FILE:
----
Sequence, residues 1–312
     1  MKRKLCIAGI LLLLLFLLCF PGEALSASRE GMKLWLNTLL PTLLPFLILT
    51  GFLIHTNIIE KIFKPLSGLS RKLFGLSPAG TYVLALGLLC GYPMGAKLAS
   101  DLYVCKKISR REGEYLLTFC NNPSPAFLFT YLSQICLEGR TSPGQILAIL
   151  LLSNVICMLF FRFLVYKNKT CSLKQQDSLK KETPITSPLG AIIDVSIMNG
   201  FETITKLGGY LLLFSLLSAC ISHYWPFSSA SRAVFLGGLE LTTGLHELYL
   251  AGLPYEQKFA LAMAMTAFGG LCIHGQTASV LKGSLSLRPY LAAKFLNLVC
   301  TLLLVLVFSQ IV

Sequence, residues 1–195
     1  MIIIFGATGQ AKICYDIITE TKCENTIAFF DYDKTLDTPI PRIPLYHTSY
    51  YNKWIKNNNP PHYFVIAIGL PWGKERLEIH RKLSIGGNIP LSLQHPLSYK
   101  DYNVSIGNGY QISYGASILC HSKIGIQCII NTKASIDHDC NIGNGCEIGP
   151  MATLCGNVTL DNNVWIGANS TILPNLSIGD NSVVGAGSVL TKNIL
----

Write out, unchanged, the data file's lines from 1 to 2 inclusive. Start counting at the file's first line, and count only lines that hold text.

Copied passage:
Sequence, residues 1–312
     1  MKRKLCIAGI LLLLLFLLCF PGEALSASRE GMKLWLNTLL PTLLPFLILT